When does class start/end?
Classes begin promptly at 9:00 am, and typically end at 5:00 pm.
Testing is a critical role in software development that requires special skills and knowledge that are not commonly taught to software developers, business analysts and project managers. This often...Read More
Testing is a critical role in software development that requires special skills and knowledge that are not commonly taught to software developers, business analysts and project managers. This often results in insufficient time and resources being allocated for this important function, and quality suffers—as do the users of the software. Equally important is the need to measure quality quickly and efficiently because limitations in resources and schedules are realities that aren’t going away. We need to do the best we can with what we have and still deliver high, proven-quality software. Fundamentals of Software Testing provides an eye-opening view into this challenging task. It provides a complete picture of the testing process, how it fits into the development life cycle, how to properly scope and prioritize testing activities, and what techniques to use for optimal results. This software testing training begins with a deep-dive into the Universal Testing Method, follows with a close look at testing phases, testing approaches, non-functional testing, and testing for different platforms. As time permits, the course finishes up with some bonus material covering an introduction to automation testing and behavior-driven development.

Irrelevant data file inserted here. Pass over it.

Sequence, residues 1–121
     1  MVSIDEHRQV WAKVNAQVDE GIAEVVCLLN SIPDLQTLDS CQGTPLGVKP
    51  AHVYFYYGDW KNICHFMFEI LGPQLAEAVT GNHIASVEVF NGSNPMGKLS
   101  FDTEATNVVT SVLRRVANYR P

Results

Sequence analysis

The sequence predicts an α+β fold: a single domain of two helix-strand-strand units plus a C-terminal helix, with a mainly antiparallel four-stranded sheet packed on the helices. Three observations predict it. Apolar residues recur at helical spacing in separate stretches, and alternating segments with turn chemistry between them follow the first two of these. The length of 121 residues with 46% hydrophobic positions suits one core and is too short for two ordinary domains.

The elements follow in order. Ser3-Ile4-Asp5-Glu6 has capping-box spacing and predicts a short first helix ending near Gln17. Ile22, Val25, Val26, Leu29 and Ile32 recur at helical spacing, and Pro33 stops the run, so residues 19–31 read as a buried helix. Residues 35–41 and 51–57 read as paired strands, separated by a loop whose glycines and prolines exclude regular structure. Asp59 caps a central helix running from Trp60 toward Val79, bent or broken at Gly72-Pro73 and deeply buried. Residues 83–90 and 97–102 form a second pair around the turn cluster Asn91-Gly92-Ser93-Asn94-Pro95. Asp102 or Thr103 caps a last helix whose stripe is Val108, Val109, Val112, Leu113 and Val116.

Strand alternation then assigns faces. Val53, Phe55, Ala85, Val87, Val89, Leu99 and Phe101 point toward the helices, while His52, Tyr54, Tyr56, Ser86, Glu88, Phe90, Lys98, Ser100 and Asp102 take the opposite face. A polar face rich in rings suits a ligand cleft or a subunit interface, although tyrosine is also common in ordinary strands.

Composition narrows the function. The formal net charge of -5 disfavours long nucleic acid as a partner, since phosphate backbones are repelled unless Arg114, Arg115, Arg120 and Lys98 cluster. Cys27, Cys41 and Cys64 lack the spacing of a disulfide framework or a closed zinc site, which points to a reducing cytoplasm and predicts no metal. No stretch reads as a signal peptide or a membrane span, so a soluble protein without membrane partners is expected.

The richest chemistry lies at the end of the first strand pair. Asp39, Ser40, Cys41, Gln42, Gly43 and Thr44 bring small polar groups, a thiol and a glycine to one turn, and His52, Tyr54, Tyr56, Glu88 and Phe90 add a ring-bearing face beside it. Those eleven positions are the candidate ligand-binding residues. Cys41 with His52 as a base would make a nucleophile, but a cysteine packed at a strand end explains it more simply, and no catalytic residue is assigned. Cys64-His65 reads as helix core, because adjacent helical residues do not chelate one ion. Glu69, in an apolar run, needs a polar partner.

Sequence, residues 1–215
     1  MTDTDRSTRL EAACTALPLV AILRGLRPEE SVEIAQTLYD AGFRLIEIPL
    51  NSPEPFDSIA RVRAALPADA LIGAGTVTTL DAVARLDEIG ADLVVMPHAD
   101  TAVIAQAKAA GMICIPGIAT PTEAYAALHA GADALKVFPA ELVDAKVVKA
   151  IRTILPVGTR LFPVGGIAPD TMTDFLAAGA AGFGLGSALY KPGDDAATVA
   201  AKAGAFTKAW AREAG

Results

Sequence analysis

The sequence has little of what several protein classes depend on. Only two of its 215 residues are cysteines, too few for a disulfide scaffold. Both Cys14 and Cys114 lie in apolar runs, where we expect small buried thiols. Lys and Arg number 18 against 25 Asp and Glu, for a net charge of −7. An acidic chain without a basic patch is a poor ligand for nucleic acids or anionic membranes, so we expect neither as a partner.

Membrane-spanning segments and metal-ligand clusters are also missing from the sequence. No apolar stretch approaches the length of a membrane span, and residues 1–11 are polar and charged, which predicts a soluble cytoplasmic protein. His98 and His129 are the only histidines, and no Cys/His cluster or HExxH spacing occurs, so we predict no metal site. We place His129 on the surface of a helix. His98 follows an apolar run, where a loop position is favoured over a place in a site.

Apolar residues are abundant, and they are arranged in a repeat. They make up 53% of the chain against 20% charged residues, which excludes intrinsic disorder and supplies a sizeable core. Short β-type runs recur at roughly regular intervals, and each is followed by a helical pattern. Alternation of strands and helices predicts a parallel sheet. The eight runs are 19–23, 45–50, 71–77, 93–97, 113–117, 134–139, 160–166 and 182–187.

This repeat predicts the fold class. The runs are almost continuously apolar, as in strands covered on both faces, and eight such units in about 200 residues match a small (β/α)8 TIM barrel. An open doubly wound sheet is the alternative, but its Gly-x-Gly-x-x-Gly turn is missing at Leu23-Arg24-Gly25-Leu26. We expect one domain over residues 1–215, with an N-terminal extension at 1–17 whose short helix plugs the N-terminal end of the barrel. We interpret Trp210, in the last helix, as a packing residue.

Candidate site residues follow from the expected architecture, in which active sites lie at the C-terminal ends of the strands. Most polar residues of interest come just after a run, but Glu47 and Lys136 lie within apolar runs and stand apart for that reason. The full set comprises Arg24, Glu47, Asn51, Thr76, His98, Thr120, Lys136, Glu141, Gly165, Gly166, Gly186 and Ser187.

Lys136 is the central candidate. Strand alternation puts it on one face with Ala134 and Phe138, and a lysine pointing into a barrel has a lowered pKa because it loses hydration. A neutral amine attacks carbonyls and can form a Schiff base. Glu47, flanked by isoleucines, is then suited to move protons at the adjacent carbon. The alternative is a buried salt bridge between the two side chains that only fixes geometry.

As the Universal Testing Method (UTM) unfolds during class, real-life case studies and examples are presented to drive home the pertinent concepts. Each one is discussed as it pertains to a step in the UTM and encourages students to think “outside the box” for each step. Students also work together in groups through key steps in the UTM using a real application accessible via the Internet. The same application is used for each exercise with each step building on the previous one. This gives students hands-on experience and new skills that they can begin working with on the job right away. For example, students will:
This software testining training course is an immediate benefit to:
In addition to hands-on experience, students gain insight into a wide variety of testing aspects that go beyond the usual requirements-based functional testing. Both positive and negative testing concepts are discussed, and effective methods for exploratory testing are provided. Testing aspects that are often overlooked are identified and best practices for addressing them are explained. Students are also given excellent references guiding them further in best practices and in selecting effective tools. Students come away from this software testing training course with many ideas that they can apply in their own projects to improve the effectiveness and efficiency of testing efforts. They even learn the best ways to report on the testing activity; no more reporting for reporting’s sake. Practical, fast and effective testing is the focus of this course.
Cases studies, examples, in-class exercises and reviews are used to reinforce the concepts and practices. Students gain experience in modeling the test space, establishing scope and application coverage, identifying “testing oracles”, writing test procedures and more. Students come out of the course with a wealth of new knowledge that they can begin to apply immediately.